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Legacy

5 March 2013

Trawling through the old playlists on my iPod as I worked today makes me wonder who I used to be.

Don’t get me wrong — by the time I bought this particular iDevice in North Carolina, I had mostly abandoned my late-teens/early-20s shitty taste in music. It’s not like there’s tons of 2Unlimited or the Only The Strong soundtrack clogging up the playlists (two albums that were so wrong, but I have no sense of shame, so I’ll admit to once owning and playing the hell out of both). It’s more the order of the admittedly OK-to-rather-good music in some of these playlists.

What made me think Orange 9mm needed to be followed up by Tomoyasu Hotei? How exactly does Rob Dougan segue nicely into The Misfits?

That got me thinking of a problem that wouldn’t have existed even 10 or 15 years ago — a time when, unless I horribly misjudge my audience, we were all alive.

Here’s the problem: if someone got hold of one of your devices — your iPod, your smartphone, your digital camera (which for some people are all the same thing) — what would they extrapolate about your character? What would that device tell them about who you are?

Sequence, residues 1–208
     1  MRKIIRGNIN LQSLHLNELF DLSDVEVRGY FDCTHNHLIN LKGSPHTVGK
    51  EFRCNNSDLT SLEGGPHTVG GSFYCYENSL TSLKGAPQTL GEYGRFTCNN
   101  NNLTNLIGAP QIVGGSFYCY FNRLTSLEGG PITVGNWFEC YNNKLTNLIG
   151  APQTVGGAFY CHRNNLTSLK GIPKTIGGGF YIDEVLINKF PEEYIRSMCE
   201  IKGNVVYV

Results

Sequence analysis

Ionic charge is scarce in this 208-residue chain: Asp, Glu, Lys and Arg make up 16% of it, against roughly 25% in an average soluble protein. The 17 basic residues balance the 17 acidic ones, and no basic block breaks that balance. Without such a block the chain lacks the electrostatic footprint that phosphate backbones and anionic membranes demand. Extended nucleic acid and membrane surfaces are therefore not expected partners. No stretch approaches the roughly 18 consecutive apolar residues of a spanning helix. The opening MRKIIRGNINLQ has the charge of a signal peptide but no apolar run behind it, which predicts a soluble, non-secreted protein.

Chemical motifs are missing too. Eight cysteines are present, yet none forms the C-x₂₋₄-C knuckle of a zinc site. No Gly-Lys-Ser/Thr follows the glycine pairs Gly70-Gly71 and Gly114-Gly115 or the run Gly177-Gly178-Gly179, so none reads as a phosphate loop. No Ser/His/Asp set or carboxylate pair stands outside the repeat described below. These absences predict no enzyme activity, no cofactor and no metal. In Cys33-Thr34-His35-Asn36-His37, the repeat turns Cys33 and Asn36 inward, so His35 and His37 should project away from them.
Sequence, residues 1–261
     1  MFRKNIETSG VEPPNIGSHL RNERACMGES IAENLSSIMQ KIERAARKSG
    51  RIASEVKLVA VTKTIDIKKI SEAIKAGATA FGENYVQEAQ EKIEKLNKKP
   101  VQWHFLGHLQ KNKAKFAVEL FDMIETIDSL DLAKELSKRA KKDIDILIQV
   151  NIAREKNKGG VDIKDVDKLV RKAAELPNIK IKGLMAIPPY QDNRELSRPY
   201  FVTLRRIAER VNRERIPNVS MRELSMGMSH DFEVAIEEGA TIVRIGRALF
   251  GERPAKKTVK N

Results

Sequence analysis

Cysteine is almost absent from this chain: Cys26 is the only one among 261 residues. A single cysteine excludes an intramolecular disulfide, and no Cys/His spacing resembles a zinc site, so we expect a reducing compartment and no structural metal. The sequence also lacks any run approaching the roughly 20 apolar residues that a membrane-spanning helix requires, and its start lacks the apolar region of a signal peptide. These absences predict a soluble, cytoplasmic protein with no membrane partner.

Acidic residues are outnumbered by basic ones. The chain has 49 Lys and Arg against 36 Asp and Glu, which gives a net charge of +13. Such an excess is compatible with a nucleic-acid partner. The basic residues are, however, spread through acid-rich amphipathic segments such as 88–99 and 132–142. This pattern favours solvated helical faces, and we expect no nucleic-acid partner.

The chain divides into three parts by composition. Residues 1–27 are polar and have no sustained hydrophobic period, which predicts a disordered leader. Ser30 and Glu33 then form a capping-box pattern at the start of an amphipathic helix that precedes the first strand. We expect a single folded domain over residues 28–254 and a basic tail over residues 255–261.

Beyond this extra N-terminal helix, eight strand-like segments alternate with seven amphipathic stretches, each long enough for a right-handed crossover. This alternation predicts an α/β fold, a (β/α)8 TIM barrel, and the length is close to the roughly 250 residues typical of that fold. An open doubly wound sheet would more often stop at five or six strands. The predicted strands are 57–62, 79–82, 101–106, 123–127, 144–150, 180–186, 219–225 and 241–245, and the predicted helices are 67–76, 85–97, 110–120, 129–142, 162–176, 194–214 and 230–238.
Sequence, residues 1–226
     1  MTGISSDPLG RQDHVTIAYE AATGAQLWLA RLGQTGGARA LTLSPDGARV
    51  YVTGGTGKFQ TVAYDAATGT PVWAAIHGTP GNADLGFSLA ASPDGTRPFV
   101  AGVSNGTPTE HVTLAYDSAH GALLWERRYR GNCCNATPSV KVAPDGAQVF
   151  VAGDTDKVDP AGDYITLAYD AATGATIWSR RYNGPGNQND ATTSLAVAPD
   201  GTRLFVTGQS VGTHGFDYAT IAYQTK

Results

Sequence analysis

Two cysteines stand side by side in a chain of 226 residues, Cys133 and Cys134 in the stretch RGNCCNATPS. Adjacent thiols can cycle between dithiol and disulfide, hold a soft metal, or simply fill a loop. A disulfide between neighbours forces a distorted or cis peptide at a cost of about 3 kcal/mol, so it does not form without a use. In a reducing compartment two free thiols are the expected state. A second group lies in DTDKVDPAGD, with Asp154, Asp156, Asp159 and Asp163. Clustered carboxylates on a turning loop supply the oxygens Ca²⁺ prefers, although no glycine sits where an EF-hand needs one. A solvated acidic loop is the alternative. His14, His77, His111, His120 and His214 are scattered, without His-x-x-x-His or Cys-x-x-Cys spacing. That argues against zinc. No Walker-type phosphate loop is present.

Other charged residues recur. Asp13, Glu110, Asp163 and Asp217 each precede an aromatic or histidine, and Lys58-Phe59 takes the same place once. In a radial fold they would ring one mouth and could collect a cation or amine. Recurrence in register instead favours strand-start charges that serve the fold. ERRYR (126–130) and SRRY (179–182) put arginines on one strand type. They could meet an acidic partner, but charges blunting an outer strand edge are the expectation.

I’ll go a step further. What if, after we’ve long nuked ourselves into disfigured corpses, a future civilization came across a box of discarded iPhones and Samsung Galaxy SIII’s? Say they were able to get them up and working and pull the data off of them — what would the information they find, the pictures, the music, the silly downloaded apps, tell them about us as a society?

We’re a technically advanced society, so much so that most of us have a portal to all the human information thus far collected either in our hand or our pocket right now. But would our mythical future society see that? Or would they look down on us because we seemed to spend all our time playing Angry Birds and Words With Friends?

I realize it’s a moot point, as no iPhone will survive beyond three years anyway (I say that as a fan of the iPhone, mind you). So I guess what I’m asking is less about what we have on our devices. It’s more about how future societies will see us as we are right now — will they think we’re reasonably enlightened, or will they shake their heads at the horribly backwards man-apes who have nothing better to do than post pictures of their lunch on Instagram?

I say, why not fuck with those smug future-jerks? Why not go out there and make something, something cool that you wouldn’t mind being remembered for? Sure, there’s the excuse of “not enough time,” but if you work at it, you’ll find time. So why not start building a legacy today?

And just to keep my average question-train on the tracks, what’s the most embarrasing thing someone would find on your phone right now if they got it away from you before you had time to delete or hid the offending evidence? For me, most likely, it’s the fact that I’ve saved multiple goofy meme pictures from the Internet.

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See? Told you.

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